Arithmetic (memory drills and speed are pushed)

From what I have read, Science, History, and Social Studies are not taught much until the child is older and can apply what they have learned through Logic and Philosophy - usually between 10 and 12.  This doesn't mean that these subjects are ignored, but they are not focused on either.

Other subjects may also be taught, and often the parents use older books to teach, such as the McGuffey Readers.

If you use this method, or are curious about it, it will take you all of maybe 10 minutes to end up with the leading teachers of this movement, the Bluedorns  and/or  Susan Bauer.     (This website has many articles about different method's of homeschooling.)


The Bluedorns have written many books  Books by the Bluedorns 

And so has Susan Wise Bauer  Books by Bauer

The Bluedorn's have a blog that I have followed for years ...
They tend to be much more Biblically sound than many others using the Classic Methods.

and here is another blog with an excellent post about the Classic Style

Classical Homeschooling Website

I'm sure there are many more Classic Style blogs.

Personally, I don't use this method ... much.

We do read a lot of literature, have learned logic and discussed philosophy.  I even used McGuffey Readers!   At one point in time, I tried to teach some Latin and Languages as well.

But ....

I found this method to be a HUGE time consuming drain on my day.  I was spending hours each night to teach my girls a few minutes the next day.

The girls didn't respond well ... maybe because Mommy was so tired, and maybe I just didn't have the right tools?   We simply could not afford $200 per subject, or an initial investment of nearly $1000!  Yikes!

Languages and Arts didn't come easy to me - I struggled every single day.

I didn't learn this way, and found it difficult to grasp all of the various aspects of it.

It was intense, and I never seemed to get anywhere.

I was bored, and the girls were bored.  (We enjoyed the reading ... it was the endless drills.)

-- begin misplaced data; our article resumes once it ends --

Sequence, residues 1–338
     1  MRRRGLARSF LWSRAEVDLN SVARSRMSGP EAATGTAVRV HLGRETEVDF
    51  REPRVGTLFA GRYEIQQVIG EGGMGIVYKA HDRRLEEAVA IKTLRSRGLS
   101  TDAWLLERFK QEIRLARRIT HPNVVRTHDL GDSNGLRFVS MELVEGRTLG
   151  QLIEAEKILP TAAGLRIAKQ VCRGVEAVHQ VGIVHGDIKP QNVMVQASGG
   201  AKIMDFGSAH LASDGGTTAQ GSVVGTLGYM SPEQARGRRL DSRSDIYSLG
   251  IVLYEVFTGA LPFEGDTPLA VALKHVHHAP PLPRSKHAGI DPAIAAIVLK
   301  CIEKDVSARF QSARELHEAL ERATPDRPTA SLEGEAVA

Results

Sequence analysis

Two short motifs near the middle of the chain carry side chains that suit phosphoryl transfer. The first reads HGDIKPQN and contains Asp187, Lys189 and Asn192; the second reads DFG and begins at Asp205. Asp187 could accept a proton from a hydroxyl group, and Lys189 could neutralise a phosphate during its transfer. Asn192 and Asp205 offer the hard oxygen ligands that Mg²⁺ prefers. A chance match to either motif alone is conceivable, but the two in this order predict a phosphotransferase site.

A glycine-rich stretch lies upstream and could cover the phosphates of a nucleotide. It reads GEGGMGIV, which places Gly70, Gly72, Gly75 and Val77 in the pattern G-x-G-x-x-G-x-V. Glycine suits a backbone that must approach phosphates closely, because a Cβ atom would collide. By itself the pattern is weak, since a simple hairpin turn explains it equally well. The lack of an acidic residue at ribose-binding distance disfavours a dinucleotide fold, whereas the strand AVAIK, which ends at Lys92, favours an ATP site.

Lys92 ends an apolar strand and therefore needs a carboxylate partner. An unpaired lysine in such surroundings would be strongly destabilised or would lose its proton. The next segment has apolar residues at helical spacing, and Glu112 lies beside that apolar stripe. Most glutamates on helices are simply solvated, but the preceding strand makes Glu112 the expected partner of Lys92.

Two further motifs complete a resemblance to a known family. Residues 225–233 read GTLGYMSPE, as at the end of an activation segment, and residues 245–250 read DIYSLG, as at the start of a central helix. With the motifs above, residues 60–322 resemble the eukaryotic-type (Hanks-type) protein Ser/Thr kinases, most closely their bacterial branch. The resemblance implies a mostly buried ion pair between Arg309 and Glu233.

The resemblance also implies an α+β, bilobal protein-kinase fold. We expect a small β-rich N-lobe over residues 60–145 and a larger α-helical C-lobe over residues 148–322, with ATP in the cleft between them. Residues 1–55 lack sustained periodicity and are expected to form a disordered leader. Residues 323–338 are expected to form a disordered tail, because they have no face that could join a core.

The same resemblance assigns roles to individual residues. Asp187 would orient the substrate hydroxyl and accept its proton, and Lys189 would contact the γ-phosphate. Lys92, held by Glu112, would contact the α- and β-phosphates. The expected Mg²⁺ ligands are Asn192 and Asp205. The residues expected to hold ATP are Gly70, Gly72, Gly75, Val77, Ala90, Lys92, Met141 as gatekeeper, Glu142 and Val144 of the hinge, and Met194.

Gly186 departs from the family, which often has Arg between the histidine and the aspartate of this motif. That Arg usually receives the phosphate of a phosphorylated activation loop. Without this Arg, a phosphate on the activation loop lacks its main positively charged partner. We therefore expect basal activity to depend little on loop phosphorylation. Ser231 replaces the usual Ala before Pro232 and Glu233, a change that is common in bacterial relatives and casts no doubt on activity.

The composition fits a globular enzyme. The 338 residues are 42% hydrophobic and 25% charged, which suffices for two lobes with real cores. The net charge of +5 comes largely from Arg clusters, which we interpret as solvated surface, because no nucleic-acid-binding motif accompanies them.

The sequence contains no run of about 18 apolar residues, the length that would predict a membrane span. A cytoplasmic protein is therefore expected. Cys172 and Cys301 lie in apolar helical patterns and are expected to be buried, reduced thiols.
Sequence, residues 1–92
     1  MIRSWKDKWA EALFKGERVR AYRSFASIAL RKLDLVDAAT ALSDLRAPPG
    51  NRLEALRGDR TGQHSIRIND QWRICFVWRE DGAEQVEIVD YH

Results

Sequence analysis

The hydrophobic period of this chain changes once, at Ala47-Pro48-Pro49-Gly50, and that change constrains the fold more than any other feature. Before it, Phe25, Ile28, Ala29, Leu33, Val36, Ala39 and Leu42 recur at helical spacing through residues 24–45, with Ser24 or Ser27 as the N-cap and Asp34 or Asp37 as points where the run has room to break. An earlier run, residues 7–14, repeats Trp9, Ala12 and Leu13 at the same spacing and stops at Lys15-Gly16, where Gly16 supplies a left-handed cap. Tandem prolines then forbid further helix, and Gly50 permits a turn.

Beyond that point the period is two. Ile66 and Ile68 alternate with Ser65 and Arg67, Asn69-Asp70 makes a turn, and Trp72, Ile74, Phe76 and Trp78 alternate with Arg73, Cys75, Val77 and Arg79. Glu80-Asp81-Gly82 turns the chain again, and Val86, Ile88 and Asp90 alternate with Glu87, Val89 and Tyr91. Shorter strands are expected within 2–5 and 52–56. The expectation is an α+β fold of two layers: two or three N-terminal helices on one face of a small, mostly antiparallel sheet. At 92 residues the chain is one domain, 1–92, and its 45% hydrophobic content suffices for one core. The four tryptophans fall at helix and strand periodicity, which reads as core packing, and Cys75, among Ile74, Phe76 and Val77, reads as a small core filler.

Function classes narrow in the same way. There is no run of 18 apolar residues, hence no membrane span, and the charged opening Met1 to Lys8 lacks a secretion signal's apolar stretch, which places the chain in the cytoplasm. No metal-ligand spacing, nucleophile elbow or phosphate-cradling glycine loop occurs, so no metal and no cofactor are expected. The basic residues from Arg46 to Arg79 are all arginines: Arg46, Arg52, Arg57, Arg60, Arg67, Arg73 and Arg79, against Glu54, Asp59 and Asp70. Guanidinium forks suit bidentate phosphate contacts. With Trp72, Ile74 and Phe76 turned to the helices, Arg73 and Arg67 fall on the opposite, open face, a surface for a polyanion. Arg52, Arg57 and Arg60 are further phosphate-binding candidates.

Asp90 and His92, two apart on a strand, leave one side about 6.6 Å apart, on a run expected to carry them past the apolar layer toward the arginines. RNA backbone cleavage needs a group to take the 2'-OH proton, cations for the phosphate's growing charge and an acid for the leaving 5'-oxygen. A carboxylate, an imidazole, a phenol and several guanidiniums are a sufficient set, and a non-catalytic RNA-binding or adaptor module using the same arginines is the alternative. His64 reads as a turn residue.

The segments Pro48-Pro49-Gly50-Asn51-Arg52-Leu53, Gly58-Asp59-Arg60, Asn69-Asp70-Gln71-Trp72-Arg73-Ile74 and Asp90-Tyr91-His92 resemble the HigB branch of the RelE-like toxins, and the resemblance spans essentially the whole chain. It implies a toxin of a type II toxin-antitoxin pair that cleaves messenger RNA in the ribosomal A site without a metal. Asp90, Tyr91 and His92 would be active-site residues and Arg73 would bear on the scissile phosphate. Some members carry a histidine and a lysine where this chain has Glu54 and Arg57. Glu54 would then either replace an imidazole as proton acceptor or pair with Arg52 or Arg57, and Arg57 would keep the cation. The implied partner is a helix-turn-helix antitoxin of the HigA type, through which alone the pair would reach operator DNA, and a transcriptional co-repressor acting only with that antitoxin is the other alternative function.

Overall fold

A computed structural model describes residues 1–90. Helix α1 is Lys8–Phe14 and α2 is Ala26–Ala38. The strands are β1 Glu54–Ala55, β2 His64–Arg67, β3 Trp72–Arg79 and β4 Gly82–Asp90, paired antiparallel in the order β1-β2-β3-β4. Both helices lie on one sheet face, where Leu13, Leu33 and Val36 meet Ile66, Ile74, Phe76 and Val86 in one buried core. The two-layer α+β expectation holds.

But the biggest reason that I don't do Classic Homeschooling ...

when there is a disagreement between God's Word and man's word ...

the Logic and Philosophy study often led away from God.

Too often, the strict focus on logic (which IS a good thing) would lead to a faulty ending.  Especially where childish logic was concerned.  There were not many curriculums that taught how to compare logic with God's Word.

Our Creator spoke through His prophet Isaiah and said, "Let the wicked forsake His way, and the unrighteous man his thoughts; and let him return to the Lord; and He will have mercy on him; and to our God, for He will abundantly pardon. For My thoughts are not your thoughts, neither are your ways My ways, saith the Lord. For as the heavens are higher than the earth, so are My ways higher than your ways, and My thoughts than your thoughts." (Isa. 55:7-ff).

But that is what I LOVE about homeschooling.  We can take what is useful to us ... and leave the rest of it on the shelf.  If you have read my post about the Charlotte Mason style, you will quickly see that they are somewhat similar in their approach ... focus is on a foundation to teach learning and thinking and observation.

Just because this Method didn't work for my family, doesn't mean it won't work for you or that you wouldn't love it.

So, in the words of Forrest Gump -

That's about all I have to say about that.